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"Shall the Professor 'Stay Put'?"' by Another College Professor's Wife
Independent, LX (Jan 18, 1906), 161 62.

In a late number of the Independent, "A College Professor's Wife" tells a story the truth of whose details must have touched a responsive chord in the breasts of many of her sisters. Her picture has the merit of a good sermon; each of us is sure that she"meant me." But with her conclusion that the ideal professor ought philosophically to accept the uncomfortable conditions which she describes, the present writer does not find herself in accord.

Out west of the Mississippi River and not far from the Missouri is a little college town whose "university" is the center of the community life. Surrounding the town on all sides are ranches and farms; beyond these lie the prairies stretching to the unbroken circle of the horizon In the town itself conditions are not unlike those in which "A College Professor's Wife" lives.

Here the professors carry a "double schedule." The salaries are small; expenses in general correspond to those given by "A College Professor's Wife." We are almost all of us "hewers of wood and drawers of water." In winter the husband cares for the fires, splits the wood, clears off the snow, in order that money may be saved to pay the insurance premiums which fall due in the summer. In the summer we care for our gardens, adopt a vegetarian diet and forego a summer migration in order that the money may be saved for the fuel bill which falls due in early winter. Like the Puritans, who planted corn in summer that they might have food for the winter, and dug clams in summer to save using the fresh corn, we work during the summer that we may live during the winter, and work during the winter that we may live thru the summer. And so we exist from year to year.

Here, too, we faculty folk are expected to contribute to student organizations, to entertain classes, clubs and individuals. The occasional semi-distinguished guest is quartered upon the professor whose subject is most nearly related to the stranger's specialty. The lecturer on radium dines with the professor of physics and the Frau Professor in cooks the modest roast; the writer of verse or fiction goes to the house of the professor of English. The baccalaureate speaker and commencement orator are honored above the common run by being entertained by the president and Madame President bakes the cake.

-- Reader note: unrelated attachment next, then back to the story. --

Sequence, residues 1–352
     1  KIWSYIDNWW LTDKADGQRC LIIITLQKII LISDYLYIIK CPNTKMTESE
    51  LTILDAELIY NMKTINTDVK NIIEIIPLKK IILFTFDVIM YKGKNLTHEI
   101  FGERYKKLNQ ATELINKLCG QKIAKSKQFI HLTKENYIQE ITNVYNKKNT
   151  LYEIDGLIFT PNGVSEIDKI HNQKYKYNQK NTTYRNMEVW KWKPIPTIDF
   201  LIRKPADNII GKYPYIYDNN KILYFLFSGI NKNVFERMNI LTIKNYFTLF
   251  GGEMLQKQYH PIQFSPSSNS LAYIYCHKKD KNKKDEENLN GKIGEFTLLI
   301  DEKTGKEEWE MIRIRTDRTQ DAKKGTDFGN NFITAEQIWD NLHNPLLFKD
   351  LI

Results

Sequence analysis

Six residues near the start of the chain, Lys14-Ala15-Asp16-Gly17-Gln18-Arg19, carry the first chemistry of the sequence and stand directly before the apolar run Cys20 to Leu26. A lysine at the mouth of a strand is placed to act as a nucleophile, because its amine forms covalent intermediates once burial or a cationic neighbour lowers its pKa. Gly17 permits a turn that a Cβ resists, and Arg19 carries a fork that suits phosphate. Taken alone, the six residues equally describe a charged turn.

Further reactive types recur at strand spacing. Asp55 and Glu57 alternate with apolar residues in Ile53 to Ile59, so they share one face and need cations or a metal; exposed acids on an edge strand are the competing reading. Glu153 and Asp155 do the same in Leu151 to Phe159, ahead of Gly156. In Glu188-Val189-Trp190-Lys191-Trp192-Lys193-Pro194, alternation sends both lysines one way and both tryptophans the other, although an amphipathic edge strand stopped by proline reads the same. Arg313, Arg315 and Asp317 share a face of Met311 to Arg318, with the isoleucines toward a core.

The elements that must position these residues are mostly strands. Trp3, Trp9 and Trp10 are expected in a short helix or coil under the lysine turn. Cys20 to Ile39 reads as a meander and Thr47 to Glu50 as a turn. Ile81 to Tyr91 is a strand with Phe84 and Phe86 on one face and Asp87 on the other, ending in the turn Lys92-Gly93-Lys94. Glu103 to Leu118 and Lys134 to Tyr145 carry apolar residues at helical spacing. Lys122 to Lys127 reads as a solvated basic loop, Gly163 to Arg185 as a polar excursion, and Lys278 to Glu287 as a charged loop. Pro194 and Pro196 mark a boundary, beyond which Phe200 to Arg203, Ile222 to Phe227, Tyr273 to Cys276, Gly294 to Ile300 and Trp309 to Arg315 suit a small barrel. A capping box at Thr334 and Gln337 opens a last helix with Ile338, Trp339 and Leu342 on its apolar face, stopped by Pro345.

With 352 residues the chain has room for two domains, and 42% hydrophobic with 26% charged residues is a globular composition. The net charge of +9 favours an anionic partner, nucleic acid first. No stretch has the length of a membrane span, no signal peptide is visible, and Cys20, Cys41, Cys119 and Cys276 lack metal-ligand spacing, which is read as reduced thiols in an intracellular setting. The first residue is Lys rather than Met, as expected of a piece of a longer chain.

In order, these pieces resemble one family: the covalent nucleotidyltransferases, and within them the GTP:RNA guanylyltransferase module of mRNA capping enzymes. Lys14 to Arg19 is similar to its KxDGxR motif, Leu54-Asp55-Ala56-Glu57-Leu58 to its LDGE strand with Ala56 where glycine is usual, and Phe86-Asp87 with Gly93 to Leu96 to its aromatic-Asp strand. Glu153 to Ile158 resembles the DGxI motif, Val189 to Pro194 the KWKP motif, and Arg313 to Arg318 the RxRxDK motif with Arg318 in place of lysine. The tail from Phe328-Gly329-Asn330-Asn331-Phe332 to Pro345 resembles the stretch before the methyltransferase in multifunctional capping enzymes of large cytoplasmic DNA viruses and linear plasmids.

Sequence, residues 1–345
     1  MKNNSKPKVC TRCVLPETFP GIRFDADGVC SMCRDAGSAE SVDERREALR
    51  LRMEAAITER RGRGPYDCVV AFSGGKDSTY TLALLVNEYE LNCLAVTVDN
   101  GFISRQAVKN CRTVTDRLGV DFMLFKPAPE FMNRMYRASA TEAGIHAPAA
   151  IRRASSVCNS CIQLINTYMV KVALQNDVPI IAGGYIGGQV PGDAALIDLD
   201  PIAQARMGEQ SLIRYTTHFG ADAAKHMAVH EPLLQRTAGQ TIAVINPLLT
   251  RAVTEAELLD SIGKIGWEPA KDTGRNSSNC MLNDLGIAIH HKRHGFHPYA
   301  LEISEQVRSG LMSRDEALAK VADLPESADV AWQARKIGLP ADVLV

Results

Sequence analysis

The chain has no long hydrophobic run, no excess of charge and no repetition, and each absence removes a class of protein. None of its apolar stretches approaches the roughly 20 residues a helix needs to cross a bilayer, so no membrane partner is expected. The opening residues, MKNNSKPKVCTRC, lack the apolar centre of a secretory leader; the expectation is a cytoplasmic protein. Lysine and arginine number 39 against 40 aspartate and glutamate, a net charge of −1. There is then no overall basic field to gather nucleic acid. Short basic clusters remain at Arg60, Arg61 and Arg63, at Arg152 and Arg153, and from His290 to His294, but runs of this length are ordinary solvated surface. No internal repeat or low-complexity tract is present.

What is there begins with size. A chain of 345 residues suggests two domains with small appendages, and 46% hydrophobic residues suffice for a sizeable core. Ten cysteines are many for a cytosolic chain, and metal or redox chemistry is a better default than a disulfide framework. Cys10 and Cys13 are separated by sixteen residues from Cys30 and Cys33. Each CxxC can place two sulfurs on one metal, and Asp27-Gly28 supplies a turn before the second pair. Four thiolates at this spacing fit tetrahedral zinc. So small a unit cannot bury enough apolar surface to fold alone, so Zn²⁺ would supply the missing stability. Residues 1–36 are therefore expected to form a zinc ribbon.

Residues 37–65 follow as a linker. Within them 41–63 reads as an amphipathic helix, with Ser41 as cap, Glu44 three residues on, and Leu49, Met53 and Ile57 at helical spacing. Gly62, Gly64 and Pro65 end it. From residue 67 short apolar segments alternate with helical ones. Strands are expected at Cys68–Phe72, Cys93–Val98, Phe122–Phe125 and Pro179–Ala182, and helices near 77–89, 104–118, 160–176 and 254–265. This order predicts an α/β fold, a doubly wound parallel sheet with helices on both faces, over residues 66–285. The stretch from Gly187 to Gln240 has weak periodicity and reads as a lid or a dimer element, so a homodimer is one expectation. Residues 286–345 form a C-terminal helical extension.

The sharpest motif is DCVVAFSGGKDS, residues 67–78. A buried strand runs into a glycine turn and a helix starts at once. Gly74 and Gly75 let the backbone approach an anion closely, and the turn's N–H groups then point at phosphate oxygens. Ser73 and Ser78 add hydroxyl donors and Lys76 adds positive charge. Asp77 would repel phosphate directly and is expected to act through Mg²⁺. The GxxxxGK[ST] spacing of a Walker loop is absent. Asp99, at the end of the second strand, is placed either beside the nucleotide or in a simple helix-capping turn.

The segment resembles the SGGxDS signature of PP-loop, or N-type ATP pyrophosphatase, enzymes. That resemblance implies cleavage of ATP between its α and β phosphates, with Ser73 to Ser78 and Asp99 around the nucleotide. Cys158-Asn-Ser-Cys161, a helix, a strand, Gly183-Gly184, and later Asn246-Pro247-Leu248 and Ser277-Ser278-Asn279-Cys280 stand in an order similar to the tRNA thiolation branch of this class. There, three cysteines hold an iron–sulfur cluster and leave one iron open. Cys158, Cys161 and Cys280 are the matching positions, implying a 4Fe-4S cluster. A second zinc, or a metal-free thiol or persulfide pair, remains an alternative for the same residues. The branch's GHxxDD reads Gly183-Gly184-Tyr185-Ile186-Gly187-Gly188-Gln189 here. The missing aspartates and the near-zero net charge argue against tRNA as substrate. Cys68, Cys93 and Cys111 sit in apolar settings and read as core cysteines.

But in our ranks of overcrowded, poorly paid professors, they do not keep off the rust In nine out of ten cases the same courses of study are offered unchanged year after year, for the simple reason that lack of time and meagerness of resources prevent anything else. Our faculty men seldom come in contact with better trained minds than their own, for there is no money for travel and we are in far Cathay. Even in the rare instances when a man has managed to save enough money for a year of study at one of the larger universities, his departure is not looked upon with favor, and leave of absence is not infrequently refused. The attitude of the trustees seems to be: "If you know enough to teach your present subjects, you don't need leave of absence for study. If you do need further study, then you don't know enough to teach and we'd better get some one else." One can understand that to a new man coming in from a college where self development, scholarship and originality are the basis of work, this situation seems odd Yet it is common enough in the smaller colleges west of the Mississippi. Is it surprising that the professors who remain long have somewhat lax ideals of scholarship, that their views are narrow, that ultimately the intellectual standards and opinions, the educational methods of the incoming younger men seem to them incompatible with the needs of the community? Is it surprising that the younger men pass on?

Another College Professor’s Wife

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